An important consideration back then was how the fakes were made. Altered coins were easy to distinguish. Most seen were coins having added mintmarks. Other alterations we saw include the following: removed mintmarks, mintmarks altered into a different shape, added and altered date numerals, removed design details (legs, arrows, etc.), split coins joined together, and cup and saucer coins. Aside from whizzing and polishing, surface alterations were not really considered until the first third-party professional grading service was established at the International Numismatic Society’s Washington, D.C. Authentication Bureau in 1976.

As for counterfeits, they could be classified as struck, cast and electrotypes. The electrotype and cast counterfeits were easy for us to distinguish; however, previous experts had muddled the situation with regard to struck counterfeits by teaching that the first crudely made struck coins were good castings. In actuality, these fakes looked similar and had some of the characteristics found on castings because the fakers were using poor dies and minting methods due in part to the secrecy surrounding genuine coin production at the Mint.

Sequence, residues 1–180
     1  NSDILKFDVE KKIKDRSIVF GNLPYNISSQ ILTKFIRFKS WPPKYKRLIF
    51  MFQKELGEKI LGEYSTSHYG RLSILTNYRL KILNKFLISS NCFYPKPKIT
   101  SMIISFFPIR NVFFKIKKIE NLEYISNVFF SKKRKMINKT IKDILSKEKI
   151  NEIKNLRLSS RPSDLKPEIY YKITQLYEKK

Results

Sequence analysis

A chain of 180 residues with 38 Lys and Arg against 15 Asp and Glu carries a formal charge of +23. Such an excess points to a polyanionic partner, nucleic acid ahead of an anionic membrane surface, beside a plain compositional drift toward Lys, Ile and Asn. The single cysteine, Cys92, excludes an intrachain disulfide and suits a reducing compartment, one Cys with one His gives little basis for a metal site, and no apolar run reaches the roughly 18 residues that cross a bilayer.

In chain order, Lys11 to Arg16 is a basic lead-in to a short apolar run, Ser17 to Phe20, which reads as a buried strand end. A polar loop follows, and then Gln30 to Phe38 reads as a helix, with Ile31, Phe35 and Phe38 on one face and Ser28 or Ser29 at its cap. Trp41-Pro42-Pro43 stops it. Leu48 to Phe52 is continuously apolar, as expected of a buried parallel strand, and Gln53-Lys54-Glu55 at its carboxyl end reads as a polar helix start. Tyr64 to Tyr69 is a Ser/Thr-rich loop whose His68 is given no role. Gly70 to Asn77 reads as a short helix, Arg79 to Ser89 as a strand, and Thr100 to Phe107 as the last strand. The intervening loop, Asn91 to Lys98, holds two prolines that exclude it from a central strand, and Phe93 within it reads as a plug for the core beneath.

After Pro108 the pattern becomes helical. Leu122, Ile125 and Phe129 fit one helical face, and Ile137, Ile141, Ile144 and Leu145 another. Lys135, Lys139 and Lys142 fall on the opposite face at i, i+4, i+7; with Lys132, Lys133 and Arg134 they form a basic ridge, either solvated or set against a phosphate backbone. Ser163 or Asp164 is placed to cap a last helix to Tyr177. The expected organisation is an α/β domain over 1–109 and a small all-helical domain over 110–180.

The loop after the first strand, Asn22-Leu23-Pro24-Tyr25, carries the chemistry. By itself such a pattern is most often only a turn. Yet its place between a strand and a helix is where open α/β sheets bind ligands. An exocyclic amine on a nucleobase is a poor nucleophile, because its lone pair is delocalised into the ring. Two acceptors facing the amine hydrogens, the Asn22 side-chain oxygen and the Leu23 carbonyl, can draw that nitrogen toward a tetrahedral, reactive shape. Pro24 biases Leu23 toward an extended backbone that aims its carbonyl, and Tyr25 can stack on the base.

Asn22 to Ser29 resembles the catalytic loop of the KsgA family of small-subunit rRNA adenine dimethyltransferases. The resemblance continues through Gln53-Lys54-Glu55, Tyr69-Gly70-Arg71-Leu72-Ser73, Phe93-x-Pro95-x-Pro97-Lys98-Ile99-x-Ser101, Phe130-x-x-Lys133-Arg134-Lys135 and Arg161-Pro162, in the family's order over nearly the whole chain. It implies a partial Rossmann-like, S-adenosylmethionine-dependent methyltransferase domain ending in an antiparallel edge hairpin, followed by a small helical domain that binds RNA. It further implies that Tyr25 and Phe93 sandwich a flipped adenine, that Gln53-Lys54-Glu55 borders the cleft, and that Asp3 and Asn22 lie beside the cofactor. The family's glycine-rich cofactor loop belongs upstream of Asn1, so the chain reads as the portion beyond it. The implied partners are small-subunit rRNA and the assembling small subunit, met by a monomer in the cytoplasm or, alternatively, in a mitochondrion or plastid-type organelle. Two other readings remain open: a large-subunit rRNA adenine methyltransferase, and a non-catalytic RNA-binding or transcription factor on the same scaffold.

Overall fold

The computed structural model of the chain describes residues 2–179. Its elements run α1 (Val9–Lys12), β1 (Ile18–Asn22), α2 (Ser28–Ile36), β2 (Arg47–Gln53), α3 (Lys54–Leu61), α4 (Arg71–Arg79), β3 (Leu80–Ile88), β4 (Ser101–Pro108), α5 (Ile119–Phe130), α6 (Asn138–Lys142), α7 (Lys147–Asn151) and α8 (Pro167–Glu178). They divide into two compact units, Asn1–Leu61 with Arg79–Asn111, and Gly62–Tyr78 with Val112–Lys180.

Let me bring this column back to the 1921 counterfeit half dollar. This is a die struck coin that is heavily circulated. Something about the coin made me look at it more closely before grading it. That “something” is what we call a gut reaction. It is developed over time with the experience of looking at lots of coins. To drive this point home, even after examining coins almost daily for more than half of my life, I will never, ever catch up to the number of coins seen by many of the best known professionals in the business. You know their names. They have fine-tuned the gut reaction I write about here to an amazing state of awareness. However, there is absolutely no person today who has examined more coins using a stereo microscope then me. No one. So I may be getting close to their level with regard to what genuine coins look like.

As I viewed the half dollar for grading, I believed its style (especially some of the letters) was off just enough to make me pause. Could this coin be an undiscovered Mint pattern that reached circulation? Thankfully, there were several other circulated 1921 halves at ICG to use for comparison. I quickly found a few design differences between the fake and the genuine pieces. Then I weighed the suspect coin and the other well-worn pieces (something I would normally not do) which further confirmed the coin was bad.

Over the years, as counterfeit coins became better, I made a personal decision that it was more important for me to be able to detect an altered or counterfeit coin than to know how it was produced. I explained to my wife that the fake was definitely die struck. However, it would be impossible at this time to determine if it was a contemporary fake such as some “Micro O” Morgan dollars or if it was a modern fake, highly circulated as many of this date come, in order to make it appear to be genuine. This can be determined if more of these low-grade coins start showing up in the marketplace.

For now, I’ll guess it’s an older piece as the amount of circulation looks normal and should be hard to duplicate. I hope readers are satisfied with my answer – she wasn’t.